Authorial and scholarly vestiges in our libraries   2 comments

Some years ago I decided to look for a copy of Paul de Lagarde’s (1827-1891) edition of the Syriac Geoponica. I found a copy from a used book dealer in Germany and bought it for a relatively modest cost, as I recall. I was, however, astonished to find this writing at the beginning:

Lagarde apparently sent the book as a gift to the great Theodor Nöldeke (1836-1930), whose textual annotations fill this slim volume. Little notes like this are good reminders of the organic nature of scholarship. The scholars, some of whose works we still scrutinize and even, especially in Nöldeke’s case, may consider as standards, are not mere names passed down from one generation of scholars to the next. Their hands touched books ours can touch, they read them with their eyes, annotated them with their pens. While it is always a treat to find inscriptions like these in electronic copies available online — I’ve seen the names of William Wright and Étienne Quatrmère, among others — holding a physical book in one’s hands is even better.

At the library here at Saint John’s I noticed another of Lagarde’s books with a notable past of ownership, this one two times over. This copy of his Symmicta belonged to both Arthur Jeffery (1892-1959), known especially for his Materials for the History of the Text of the Qurʾān: The Old Codices (Leiden, 1937) and The Foreign Vocabulary of the Qurʾān (Baroda, 1938), and to Leo Jung (1892-1987), an outstanding figure of Orthodox Judaism in America.

Finally, among HMML’s bountiful collection of Ethiopian studies materials is a copy of The Chronicle of King Theodore of Abyssinia (የቴዎድሮስ፡ታሪክ። yä-Tewodros tarik), an Amharic text edited by Enno Littmann (1875-1958). HMML’s copy was a gift of the author to Robert Garrett (1875-1961), whose name will be known to some readers for his manuscript donations to Princeton University. This copy, no. 23 of only 25, is even more interesting because the gift inscription is in Gǝʿǝz (za-tawǝhba la-Robǝrt Garrǝt ǝmmǝna Ǝnno Litman)! Incidentally, we are reminded in Littmann’s preface that Nöldeke himself had twenty years prior also copied out the same Berlin manuscript that Littmann used.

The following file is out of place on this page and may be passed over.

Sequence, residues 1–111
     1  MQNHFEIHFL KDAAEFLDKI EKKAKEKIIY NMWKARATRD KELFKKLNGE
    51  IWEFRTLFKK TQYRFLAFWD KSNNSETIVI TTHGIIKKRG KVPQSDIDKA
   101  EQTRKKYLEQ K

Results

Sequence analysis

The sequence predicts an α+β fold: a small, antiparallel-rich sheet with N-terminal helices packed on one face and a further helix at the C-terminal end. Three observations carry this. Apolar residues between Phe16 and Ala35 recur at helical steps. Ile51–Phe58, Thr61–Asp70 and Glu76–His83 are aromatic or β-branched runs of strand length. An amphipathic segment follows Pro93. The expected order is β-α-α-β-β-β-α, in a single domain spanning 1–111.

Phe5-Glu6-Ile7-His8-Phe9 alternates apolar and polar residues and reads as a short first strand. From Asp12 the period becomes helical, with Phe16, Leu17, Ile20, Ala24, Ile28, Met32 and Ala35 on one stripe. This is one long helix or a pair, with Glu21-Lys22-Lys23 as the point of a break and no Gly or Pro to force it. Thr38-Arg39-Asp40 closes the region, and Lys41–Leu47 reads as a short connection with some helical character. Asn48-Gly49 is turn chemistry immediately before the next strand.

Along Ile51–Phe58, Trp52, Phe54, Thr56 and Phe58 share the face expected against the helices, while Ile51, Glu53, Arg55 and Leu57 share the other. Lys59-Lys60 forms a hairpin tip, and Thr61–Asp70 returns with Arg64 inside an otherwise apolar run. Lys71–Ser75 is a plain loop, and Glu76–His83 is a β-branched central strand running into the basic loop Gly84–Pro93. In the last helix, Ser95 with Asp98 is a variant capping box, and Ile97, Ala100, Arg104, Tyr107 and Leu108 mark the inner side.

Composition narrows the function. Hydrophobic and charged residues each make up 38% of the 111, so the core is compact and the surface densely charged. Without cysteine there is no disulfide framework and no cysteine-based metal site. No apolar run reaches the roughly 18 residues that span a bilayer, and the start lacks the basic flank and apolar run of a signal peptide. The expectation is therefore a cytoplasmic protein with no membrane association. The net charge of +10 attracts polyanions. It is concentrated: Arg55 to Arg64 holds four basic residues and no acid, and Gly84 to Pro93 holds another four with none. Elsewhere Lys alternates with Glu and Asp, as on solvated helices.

See further on the individuals named above:

John S. Badeau, Eric F.F. Bishop, and Frederick C. Grant, “Arthur Jeffery — A Tribute,” The Muslim World 50 (1960): 49-54.

Hubert Kaufhold, “Nöldeke, Theodor,” in Sebastian Brock, Aaron Butts, George Kiraz, and Lucas Van Rompay, eds., Gorgias Encyclopedic Dictionary of the Syriac Heritage (Piscataway, 2011).

Michael Kleiner, “Littmann, Enno,” in Encyclopaedia Aethiopica, vol. 3 (Wiesbaden, 2007), pp. 588-590.

Enno Littmann, “Autobiographical Sketch,” [in German] in The Library of Enno Littmann, with an Introduction by Maria Höfner (Leiden, 1959).

Ludwig Schemann, Paul de Lagarde. Ein Lebens- und Erinnerungsbild (Leipzig, 1920).

Christiaan Snouck Hurgronje, “Theodor Nöldeke,” ZDMG 85 (1931): 239-281.

Lucas Van Rompay, “de Lagarde, Paul Anton,” in Sebastian Brock, Aaron Butts, George Kiraz, and Lucas Van Rompay, eds., Gorgias Encyclopedic Dictionary of the Syriac Heritage (Piscataway, 2011).

Rainer Voigt, “Nöldeke, Theodor,” in Encyclopaedia Aethiopica, vol. 3 (Wiesbaden, 2007), p. 1195.

Anaïs Wion, “Collecting manuscripts and scrolls in Ethiopia: The missions of Johannes Flemming (1905) and
Enno Littmann (1906),” available here.

2 responses to “Authorial and scholarly vestiges in our libraries

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  1. That’s very nice. I quite agree that making such tactile connections produce there own little zing of excitement. A favorite one in my collection is Douglas Bush’s short biography on Keats that is both inscribed to and dedicated to his younger Harvard colleague and Keats expert Walter Jackson Bate. Bush was Bate’s mentor and PhD advisor, and it’s nice to own a tangible symbol of the respect that the older scholar had for his pupil and later colleague.

  2. Pingback: Enno Littmann’s work on inscriptions from Ethiopia « hmmlorientalia

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